Garcia has come under attack from other Salem officials because she is among four of Salem’s nine representatives who have not come out in support of a casino. The others — all Republicans — are Patrick Bick, John Sytek and Garcia’s sister, Bianca Garcia.
Salem’s five other state representatives support a casino, as do the town’s five selectmen and Sen. Chuck Morse, R-Salem, co-sponsor of SB 152.
Morse said yesterday he was disappointed and believes allowing the amendments to be voted on would have gained more support for the bill.
“You would have had a different vote,” he said. “I think it would have made a difference.”
But he also said he’s optimistic about the full House vote.
“It’s obvious there is support for this legislation,” he said yesterday evening. “I think when the full House votes, it could be a positive vote.”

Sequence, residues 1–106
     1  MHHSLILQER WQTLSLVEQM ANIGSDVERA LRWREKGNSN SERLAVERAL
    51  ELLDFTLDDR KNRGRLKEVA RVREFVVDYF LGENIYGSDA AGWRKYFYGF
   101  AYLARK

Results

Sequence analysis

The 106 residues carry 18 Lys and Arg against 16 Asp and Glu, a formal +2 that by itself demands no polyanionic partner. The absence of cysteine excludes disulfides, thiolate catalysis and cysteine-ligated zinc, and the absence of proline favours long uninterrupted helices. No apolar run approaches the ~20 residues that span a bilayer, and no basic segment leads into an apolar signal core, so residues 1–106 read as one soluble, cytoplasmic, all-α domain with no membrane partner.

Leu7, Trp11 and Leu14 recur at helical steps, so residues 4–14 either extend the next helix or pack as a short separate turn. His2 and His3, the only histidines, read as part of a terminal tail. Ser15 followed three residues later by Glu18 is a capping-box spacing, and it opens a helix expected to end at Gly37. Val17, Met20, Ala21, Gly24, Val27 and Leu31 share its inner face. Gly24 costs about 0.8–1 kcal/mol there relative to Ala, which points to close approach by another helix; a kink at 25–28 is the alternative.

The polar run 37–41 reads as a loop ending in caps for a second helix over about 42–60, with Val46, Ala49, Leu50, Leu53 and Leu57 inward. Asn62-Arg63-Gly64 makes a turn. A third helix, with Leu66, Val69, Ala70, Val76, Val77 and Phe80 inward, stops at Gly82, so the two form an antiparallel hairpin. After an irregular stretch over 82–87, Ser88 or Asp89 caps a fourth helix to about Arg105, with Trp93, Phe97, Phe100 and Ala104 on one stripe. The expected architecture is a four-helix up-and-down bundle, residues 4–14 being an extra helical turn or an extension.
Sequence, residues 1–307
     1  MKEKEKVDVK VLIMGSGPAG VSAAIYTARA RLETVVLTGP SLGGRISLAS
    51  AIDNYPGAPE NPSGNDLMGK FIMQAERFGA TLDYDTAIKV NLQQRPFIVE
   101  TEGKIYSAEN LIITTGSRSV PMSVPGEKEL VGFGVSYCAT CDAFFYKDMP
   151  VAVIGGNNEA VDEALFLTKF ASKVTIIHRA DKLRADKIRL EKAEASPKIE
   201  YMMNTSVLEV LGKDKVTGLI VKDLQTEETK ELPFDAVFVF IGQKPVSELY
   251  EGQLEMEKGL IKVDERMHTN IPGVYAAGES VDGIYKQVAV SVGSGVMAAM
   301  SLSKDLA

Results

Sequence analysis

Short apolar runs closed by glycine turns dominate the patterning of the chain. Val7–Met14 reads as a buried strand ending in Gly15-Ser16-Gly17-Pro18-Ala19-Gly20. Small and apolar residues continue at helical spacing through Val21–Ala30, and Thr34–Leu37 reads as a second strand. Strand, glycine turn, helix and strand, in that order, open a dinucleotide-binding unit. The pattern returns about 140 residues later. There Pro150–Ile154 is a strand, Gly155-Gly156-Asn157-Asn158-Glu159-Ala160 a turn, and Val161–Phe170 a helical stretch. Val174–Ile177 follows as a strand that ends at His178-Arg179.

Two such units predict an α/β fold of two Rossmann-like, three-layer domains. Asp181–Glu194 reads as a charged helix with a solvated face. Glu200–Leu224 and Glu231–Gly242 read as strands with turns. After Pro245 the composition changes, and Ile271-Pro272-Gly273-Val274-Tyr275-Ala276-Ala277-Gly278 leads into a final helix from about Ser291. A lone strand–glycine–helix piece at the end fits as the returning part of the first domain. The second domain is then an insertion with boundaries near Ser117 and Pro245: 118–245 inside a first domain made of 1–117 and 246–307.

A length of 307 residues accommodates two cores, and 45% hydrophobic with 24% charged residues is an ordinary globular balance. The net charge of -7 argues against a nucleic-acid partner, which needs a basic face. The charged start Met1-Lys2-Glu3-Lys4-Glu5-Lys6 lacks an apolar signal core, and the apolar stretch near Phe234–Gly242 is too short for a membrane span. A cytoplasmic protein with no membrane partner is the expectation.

Rep. Robert Elliott, R-Salem, a member of the joint panel, was angry after the results of the roll-call vote were announced yesterday. He pointed to a newspaper photograph of Garcia.
“It came down one vote — her,” he said. “She is going to pay for that. I predicted it would be that close. The people of Salem are going to be furious.”
Other Southern New Hampshire panel members who supported the bill yesterday were Rep. Gary Azarian, R-Salem; Rep. Mary Griffin, R-Windham; Rep. Mary Allen, R-Newton; Rep. Frank Sapareto, R-Derry; and Rep. Anne Priestley, R-Salem.
When the legislation heads to the full House next week, lawmakers won’t be asked to consider a controversial amendment that would have decreased the host community’s share of casino revenue from 3 percent to 1 percent. The amendment angered some Salem officials, especially Elliott.
Before the roll call, lawmakers heard presentations on 17 amendments. But the committee didn’t vote on any of them, which frustrated bill supporters.